Solar System Formation

Part of: 
Dust clouds surrounding new stars
Credit: Hubble Space Telescope

The Solar System formed from a huge cloud of gas and dust, which collapsed around 4.6 billion years ago. Clouds are usually triggered to collapse. It is thought that the shock wave from a nearby supernova explosion triggered the Solar System cloud to collapse. The cloud would have been very large and several stars, including our Sun, would have formed from it.

After the cores of the new stars were created, any left over material gathered around them. These spinning clouds of gas and dust are known as proto-planetary discs. The material in these discs goes on to form planets.

Planets form by accretion. This is where dust grains in orbit around the star slam into each other to form clumps. The clumps then collide to form larger and larger objects. The size slowly increases as more dust crashes into them over the next few million years.

The inner Solar System was too warm for lighter elements, like gases, to exist. This meant that the planets which formed there were quite small and made of heavy elements like rock and iron. These became the terrestrial planets - Mercury, Venus, Earth and Mars.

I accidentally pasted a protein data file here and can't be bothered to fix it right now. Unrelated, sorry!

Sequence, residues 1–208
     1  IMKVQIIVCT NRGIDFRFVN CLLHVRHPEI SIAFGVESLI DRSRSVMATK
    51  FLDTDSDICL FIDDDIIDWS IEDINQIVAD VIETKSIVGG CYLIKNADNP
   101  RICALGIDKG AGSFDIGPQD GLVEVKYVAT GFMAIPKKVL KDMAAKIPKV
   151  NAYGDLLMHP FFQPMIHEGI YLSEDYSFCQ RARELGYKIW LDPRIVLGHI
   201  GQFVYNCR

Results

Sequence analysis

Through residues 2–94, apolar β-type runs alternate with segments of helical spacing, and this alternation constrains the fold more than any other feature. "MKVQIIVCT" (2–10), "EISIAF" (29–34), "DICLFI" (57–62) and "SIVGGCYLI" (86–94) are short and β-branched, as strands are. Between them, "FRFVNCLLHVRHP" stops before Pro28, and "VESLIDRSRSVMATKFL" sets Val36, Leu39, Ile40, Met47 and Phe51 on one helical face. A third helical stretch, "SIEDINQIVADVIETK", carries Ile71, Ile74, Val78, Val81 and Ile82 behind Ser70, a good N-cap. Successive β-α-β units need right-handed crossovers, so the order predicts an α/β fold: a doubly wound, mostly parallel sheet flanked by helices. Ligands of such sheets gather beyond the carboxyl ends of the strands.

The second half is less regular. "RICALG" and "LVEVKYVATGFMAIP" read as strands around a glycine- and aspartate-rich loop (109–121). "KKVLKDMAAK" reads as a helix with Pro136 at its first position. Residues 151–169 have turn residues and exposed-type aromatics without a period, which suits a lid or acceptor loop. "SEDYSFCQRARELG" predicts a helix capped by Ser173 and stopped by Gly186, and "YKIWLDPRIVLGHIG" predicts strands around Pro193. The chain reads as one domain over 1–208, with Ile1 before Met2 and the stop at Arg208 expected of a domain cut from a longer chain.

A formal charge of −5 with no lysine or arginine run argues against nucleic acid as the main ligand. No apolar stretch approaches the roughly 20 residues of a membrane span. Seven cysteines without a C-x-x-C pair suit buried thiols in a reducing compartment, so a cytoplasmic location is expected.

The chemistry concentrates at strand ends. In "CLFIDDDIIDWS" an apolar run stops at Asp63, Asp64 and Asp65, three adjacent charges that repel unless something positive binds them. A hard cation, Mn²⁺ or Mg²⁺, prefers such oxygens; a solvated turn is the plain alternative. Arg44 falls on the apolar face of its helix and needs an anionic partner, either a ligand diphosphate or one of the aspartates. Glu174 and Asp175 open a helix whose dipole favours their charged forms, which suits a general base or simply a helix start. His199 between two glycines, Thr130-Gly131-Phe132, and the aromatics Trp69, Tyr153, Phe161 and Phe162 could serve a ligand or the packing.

Moon Phases Diagram
Artist's impression of a proto-planetary
disc in a newly forming star system.
Credit: Bill Hartmann

In the outer Solar System it was much cooler, so gases like hydrogen and helium could exist. This meant that large, gas and ice planets could form. These are known today as - Jupiter, Saturn, Uranus and Neptune.

The rest of the material in the disc formed the moons, comets and meteors we see today. The Asteroid Belt, between the planet Mars and Jupiter, contains much of this material. It is thought that a planet was unable to form here because of the strong gravitational pull of Jupiter. Anything left in the disc was blown away by wind from the Sun once it began nuclear fusion.

It is still not known whether all planet systems form in this way, or if the Solar System is unusual.